Bring your own device (BYOD) continues to be a topic that generates much discussion in the security space. Discussions on mobile security, BYOD and the protection of data while away from a computer are not solely relegated to the corporate space. Any organization that allows employees to use a mobile device to access work materials, or conduct work business of any kind, needs to put some serious thought into the rules and regulations surrounding these actions.
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A recent report from the U.S. Department of Defense Inspector Generals Office revealed that the U.S. Military Academy, as well as the United States Corps of Army Engineers Engineer Research and Development Center, are both practicing lax security standards when it comes to the use of mobile devices in the workforce.
The report uncovered that there were no policies in place to manage applications, delete data if a device was lost or stolen and to govern the use of the device as a mobile storage solution for sensitive data. There were also no training standards for employees on how to manage their devices or best practices for protecting private information.
Ultimately, the report found that many of the problems could be mitigated through the creation of a clearly defined mobile device usage policy. Luckily, this report will be instrumental in helping both groups recognize the faults in their systems before it’s too late.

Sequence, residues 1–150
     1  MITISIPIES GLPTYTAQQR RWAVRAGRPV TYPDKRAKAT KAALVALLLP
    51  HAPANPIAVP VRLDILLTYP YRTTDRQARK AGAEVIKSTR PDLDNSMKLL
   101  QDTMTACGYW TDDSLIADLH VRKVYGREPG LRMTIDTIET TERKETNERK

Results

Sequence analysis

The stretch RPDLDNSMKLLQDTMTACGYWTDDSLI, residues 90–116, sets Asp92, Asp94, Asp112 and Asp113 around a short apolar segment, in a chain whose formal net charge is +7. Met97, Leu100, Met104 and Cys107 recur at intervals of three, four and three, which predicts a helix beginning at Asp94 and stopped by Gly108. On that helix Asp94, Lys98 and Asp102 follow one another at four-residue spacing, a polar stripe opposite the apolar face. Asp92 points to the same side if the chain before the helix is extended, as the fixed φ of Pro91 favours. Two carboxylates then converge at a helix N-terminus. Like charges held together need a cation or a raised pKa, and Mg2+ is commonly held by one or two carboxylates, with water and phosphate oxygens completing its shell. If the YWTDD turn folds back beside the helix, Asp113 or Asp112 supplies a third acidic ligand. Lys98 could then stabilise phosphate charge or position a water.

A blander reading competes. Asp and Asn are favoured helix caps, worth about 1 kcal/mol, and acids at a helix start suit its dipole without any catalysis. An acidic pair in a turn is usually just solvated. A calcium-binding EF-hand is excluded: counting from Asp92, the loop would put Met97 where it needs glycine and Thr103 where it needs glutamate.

There are many lessons that any business could learn from this report. As we noted in a previous blog post, BYOD is becoming increasingly common – and this is only going to continue in the coming years. No industry or company is immune to the BYOD issues that plague organizations around the world. So when it comes down to it – if your employees are engaging in BYOD you should probably have a formalized policy on what usage is acceptable on these devices. Without adequate security, executive buy-in and staff knowledge there will always be a risk that your corporate information is not being appropriately protected. Constant revising will also help ensure that your regulations are taking into consideration any changes in the technological landscape.
Do you have a security policy in place surrounding BYOD at your office? Let us know in the comments below.